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Course Category:

Program Start Date:
October 6, 2022

Maximum Participants:

Program Price:

Program End Date:
November 3, 2022

Program Time:
Thursdays at 6 p.m. ET


Queen Victoria, Charles Dickens, Jack the Ripper, Oscar Wilde, and Charles Darwin—all of them were “Victorian” yet just what did that word mean and what values did it encompass? This course will examine the social and cultural life of England from 1830 to 1900, from the worlds of the elite upper classes to the slums of London’s East End. We will pay particular attention to the various meanings of Victorianism and the myths and practices of progress, morality, reform, and imperial conquest that defined the era. We will focus on the "Two Nations" residing within England and how government and moral reformers addressed conditions of social inequality, poverty, and crime. We will also discuss how Victorian notions of class, race, gender, and sexuality were shaped by and influenced the politics and culture of everyday life. Lastly, we will ponder how and why today’s popular culture depicts the Victorians of the past and why we are so fascinated by them.


Thursday, October 6, 2022 - 6 p.m. ET

No Sex Please, We’re Victorians!: What’s the real deal about the Victorians?

Strait-laced, prudish, and stuffy? Were uncovered piano legs really considered “indecent”? We will use the first class to discuss and debunk stereotypes of the Victorians that persist in popular culture. In truth, “Victorian” was used during the 19th century not just to refer to the Queen’s reign but as a term of pride that cut across the class divide and embodied many contradictions. This lecture also covers how Queen Victoria modernized the institution of the monarchy in the age of newspapers and public opinion, and what it meant to be a female monarch in an era that idealized the weakness of women and the notion that a man’s home is his castle.

Thursday, October 13, 2022 - 6 p.m. ET

“Are there no prisons, no workhouses?”: Industrialization and Liberal Reform

In this second class, we will discuss how the Industrial Revolution that made England a superpower also fueled terrible poverty, child labor, crime, and pollution. The liberal Parliament addressed these issues with a series of laws that reflected the newly dominant middle-class attitude of "self-help" and thus ushered in the age of workhouses and the criminalization of poverty which authors like Charles Dickens railed against.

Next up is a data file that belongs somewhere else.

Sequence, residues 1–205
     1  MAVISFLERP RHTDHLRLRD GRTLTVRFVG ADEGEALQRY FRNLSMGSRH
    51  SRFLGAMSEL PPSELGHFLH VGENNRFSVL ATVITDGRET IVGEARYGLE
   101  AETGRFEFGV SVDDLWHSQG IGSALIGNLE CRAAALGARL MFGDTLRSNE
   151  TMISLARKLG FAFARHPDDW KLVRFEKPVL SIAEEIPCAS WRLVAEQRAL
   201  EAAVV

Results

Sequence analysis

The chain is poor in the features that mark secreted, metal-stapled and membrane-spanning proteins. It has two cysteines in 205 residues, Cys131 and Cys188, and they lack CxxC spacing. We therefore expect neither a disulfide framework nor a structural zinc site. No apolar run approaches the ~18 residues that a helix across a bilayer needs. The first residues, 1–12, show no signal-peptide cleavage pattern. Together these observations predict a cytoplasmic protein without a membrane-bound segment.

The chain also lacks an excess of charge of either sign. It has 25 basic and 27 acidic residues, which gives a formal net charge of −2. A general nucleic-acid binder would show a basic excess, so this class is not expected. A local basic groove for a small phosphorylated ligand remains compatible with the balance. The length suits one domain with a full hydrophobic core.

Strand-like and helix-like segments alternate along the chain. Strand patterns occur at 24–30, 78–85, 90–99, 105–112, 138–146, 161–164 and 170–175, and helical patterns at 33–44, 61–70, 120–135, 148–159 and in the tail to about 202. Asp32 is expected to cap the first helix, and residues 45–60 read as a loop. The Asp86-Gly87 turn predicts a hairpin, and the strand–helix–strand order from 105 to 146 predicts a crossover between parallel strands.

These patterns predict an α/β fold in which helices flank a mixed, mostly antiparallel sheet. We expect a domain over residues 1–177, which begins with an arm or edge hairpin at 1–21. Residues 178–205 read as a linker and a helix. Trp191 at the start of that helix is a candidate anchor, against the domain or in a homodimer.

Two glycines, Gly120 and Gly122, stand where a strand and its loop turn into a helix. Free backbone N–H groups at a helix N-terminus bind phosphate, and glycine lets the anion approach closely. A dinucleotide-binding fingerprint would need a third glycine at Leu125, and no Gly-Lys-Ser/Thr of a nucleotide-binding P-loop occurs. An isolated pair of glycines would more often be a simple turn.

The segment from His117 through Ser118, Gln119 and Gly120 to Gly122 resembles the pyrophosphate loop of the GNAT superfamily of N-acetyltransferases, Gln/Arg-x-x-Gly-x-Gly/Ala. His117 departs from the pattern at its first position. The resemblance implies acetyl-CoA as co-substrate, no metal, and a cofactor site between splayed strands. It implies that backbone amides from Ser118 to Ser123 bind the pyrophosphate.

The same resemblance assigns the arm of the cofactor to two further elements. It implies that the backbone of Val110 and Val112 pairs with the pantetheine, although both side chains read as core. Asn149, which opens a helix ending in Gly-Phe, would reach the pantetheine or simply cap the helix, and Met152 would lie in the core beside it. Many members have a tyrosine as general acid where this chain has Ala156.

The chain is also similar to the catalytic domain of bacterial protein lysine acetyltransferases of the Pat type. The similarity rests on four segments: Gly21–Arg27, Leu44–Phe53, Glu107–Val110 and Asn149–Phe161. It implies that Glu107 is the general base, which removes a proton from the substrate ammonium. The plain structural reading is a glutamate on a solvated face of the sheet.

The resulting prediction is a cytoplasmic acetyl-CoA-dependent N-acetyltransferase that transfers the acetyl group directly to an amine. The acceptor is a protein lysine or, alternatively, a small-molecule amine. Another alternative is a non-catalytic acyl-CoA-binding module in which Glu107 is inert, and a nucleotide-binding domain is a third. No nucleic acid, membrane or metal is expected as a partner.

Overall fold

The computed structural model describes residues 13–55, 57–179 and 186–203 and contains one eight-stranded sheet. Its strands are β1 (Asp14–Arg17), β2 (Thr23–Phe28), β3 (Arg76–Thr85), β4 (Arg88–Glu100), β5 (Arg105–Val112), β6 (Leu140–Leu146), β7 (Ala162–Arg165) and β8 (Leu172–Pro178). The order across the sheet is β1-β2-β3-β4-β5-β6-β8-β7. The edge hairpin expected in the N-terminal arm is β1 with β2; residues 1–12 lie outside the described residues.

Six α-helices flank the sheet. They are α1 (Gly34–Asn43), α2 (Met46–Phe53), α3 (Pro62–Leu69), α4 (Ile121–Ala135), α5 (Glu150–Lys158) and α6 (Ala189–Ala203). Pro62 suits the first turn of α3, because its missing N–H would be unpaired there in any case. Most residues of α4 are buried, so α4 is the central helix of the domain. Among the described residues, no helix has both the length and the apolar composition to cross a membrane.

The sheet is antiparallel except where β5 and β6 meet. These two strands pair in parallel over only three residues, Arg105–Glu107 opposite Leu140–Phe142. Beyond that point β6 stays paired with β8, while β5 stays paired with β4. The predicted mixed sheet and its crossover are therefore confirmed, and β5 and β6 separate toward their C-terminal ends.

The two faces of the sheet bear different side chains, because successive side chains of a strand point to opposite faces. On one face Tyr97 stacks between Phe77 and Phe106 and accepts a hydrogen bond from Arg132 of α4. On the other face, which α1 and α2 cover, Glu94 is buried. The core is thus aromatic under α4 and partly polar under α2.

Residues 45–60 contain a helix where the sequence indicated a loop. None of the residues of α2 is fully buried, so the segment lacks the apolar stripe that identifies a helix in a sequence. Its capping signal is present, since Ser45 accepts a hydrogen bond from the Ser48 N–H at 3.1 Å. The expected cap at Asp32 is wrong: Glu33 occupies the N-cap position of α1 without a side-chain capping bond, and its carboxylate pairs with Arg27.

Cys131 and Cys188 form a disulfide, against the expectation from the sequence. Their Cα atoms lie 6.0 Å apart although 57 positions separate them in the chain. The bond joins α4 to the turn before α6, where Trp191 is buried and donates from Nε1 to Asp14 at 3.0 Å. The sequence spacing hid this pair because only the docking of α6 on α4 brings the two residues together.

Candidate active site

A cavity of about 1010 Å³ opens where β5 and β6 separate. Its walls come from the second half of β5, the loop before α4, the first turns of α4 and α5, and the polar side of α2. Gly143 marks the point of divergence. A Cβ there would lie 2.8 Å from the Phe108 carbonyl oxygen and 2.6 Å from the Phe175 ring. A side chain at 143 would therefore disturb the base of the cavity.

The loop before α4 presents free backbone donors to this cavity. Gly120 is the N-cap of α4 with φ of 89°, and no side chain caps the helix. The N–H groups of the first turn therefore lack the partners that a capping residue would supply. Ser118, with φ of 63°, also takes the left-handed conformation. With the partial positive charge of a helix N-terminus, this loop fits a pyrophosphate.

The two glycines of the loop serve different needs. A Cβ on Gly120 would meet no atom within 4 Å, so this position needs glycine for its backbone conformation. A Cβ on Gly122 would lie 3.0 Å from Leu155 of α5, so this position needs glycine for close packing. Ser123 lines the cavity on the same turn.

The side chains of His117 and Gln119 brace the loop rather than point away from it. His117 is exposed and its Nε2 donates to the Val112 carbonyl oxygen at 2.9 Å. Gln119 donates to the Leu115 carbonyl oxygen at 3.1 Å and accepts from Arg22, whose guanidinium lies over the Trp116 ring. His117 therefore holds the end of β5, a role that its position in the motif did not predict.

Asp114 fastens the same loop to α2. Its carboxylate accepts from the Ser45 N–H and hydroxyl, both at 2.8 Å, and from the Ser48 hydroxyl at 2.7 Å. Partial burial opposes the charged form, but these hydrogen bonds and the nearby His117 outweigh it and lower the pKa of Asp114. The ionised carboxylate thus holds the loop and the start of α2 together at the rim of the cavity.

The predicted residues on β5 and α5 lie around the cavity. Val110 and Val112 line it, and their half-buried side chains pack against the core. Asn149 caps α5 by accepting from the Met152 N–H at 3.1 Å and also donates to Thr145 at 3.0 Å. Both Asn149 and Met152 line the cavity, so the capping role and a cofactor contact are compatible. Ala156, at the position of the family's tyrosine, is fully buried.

Thursday, October 20, 2022 - 6 p.m. ET

"Home Sweet Home" and the Victorian Culture of Domesticity

More than just the title of Queen Victoria’s favorite song, this motto dominated and shaped the social, emotional, and even political world of the Victorians. How did the Victorians create our modern notion of "home"; what type of labor was involved, and what happened when the ideal of the home was not achieved by some? In this third class we will look at the religious, moral, and cultural promotion of the ideals of domesticity, and womanhood, in particular, and how domesticity became an industry. We will contrast the middle-class ideals of home with working class realities and some scandals which revealed the truth behind even the finest closed doors.

Thursday, October 27, 2022 - 6 p.m. ET

Cabinets of Curiosities: Science and Entertainment

The Victorians prided themselves on their interest in technology and followed closely innovations in medicine and science, but there was sometimes a fine line between pseudo-science and "real" academic knowledge and practices in the 19th century. In this fourth lecture, we will examine such popular fads as mesmerism, phrenology, spiritualism, and freak shows to understand how broadly Victorians interpreted and practiced science and consumed science as entertainment. Sometimes, science was corrupted, as in the case of Darwinism, to reinforce the divide between Britain and its empire, or to justify the exclusion of women from public life. Even the Queen and Parliament followed the latest scientific sensations while ordinary Victorians used them to make sense of their uncertain world.

Thursday, November 3, 2022 - 6 p.m. ET

“Apostles of the Apocalypse”: Scandals and Horrors at the End of the Century

The last two decades of the 19th century were fraught with domestic tensions and scandals about individuals breaking free from some of the confines of the age. We will look at "The New Woman"; the trial of Oscar Wilde; the media attention around the “white slavery” trade and Jack the Ripper; and how these stories that rocked the nation challenged, but also reaffirmed, Victorian values on the eve of a new century. These scandals were mostly London-focused, as tabloids helped seal the city’s reputation as “the modern Babylon.” We will conclude with the legacy of Victorianism on our own culture.

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